The Draughtsman's Contract
English Title: The Draughtsman's Contract
Country of Origin: Britain
Studio: BFI, Channel 4/BFI
Director: Peter Greenaway
Screenplay: Peter Greenaway
Cinematographer: Curtis Clark
Editor: John Wilson
Runtime: 104 minutes
It is 1694 and Mrs Herbert, the wife of a wealthy landowner, has commissioned Mr Neville, a talented but arrogant draughtsman with social aspirations, to draw twelve elevations of her husband’s country estate to mark his birthday. Neville is initially reluctant but agrees when an unusual deal, the contract of the title, is struck. In it, Mrs Herbert agrees to have sexual relations with Mr Neville each day in return for the drawings. But Mr Herbert, believed to be away on business, is found dead in the moat. Mrs Herbert’s daughter, Mrs Talmann, who has a loveless and childless marriage to an impotent German aristocrat, draws up a similar contract with Mr Neville in the hope of conceiving a son to inherit her mother’s estate. Mr Neville soon begins to wonder if he has unwittingly recorded evidence of the murder in his drawings.
The Draughtsman’s Contract is one of the most auspicious and distinctive feature debuts in British film, and a key work in the establishment of an auteur-led British art cinema in the 1980s. It was the first co-production between the BFI and the then newly-founded Channel 4, who would continue to co-fund important low-budget British films for the remainder of the decade. It was also a genuine sleeper. The enigmatic narrative, country-house setting, elaborate costume design, the late seventeenth-century decoration, arcane dialogue, and Michael Nyman’s Purcell-inspired score all combined to capture the popular imagination of the time.
The film, which marked Greenaway’s first engagement with anything resembling a conventional narrative, and his first significant use of professional actors, at first seemed rather incongruous with his previous work. Greenaway, who trained as a painter and film editor, had established a modest reputation for a series of highly idiosyncratic and increasingly ambitious experimental films made in the late 1970s, such as structural film parody Vertical Features Remake (1978) and epic mock-documentary The Falls (1980). However, many of the attributes that made these early films so distinctive, such as the erudite, if rather pedantic wordplay, constant allusions to other works of art, and the deadpan black humour, were in fact carried over into this feature film.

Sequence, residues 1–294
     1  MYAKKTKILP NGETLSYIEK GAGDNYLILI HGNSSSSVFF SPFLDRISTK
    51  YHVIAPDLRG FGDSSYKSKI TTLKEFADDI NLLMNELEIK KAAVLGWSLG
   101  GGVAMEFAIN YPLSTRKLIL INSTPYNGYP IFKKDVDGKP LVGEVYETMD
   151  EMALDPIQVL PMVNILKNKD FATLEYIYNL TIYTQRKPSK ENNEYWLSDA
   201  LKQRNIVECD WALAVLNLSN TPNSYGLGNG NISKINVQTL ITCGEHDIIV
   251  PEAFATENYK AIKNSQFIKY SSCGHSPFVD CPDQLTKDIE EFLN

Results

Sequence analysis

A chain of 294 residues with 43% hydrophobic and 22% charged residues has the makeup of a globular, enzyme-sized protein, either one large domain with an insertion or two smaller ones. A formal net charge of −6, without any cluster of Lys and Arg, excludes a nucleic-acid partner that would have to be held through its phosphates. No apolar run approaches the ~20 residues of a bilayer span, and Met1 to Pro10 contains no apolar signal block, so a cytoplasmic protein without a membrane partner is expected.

Greenaway’s conception of The Draughtsman's Contract was at first rather more experimental. His initial cut ran close to four hours and featured parallel narratives involving the household servants and a human statue. However, the producer, Peter Sainsbury, encouraged him to remove over half of this material and produce a comparatively straightforward, more commercially-viable film. While many of Greenaway’s subsequent features conform to this two-hour model and have a classical three-act structure, a more eccentric organizing principle, such as the alphabet in A Zed and Two Noughts (1985) and sequential numbers in Drowning by Numbers (1988), often betrays his roots in the avant-garde.
While many of the recurring concerns of Greenway’s work are present in The Draughtsman’s Contract, including the self-reflexive equation of painting with cinema, and intertextual references to other films (including Blow Up, Michelangelo Antonioni, 1966, and Last Year at Marienbad, Alain Resnais, 1961), Greenaway’s style is not yet fully formed. Whereas the films from A Zed and Two Noughts onwards were shot in 35mm and combine elaborate tracking shots with meticulous lighting reminiscent of the Dutch Masters, The Draughtsman’s Contract was shot on 16mm, with the camera often locked off using predominantly available light. Nevertheless, it is visually striking in a way that belies its humble £200,000 budget.
Although the film was generally a commercial and critical success, it was far from universally liked. Many film-makers working at the more avant-garde end of British cinema reacted harshly against the film’s excess of narrative and overtly literary qualities, criticizing the BFI and Sainsbury’s move towards more commercially-viable features. The mainstream, however, damned it as pretentious, too clever, and an example of ‘the emperor’s new clothes’. However, British cinema has always had an anti-intellectual bias and it should come as little surprise that Greenaway has always enjoyed a far greater reputation in Europe.
Author of this review: Brian Hoyle
Peer reviewer: Brian Hoyle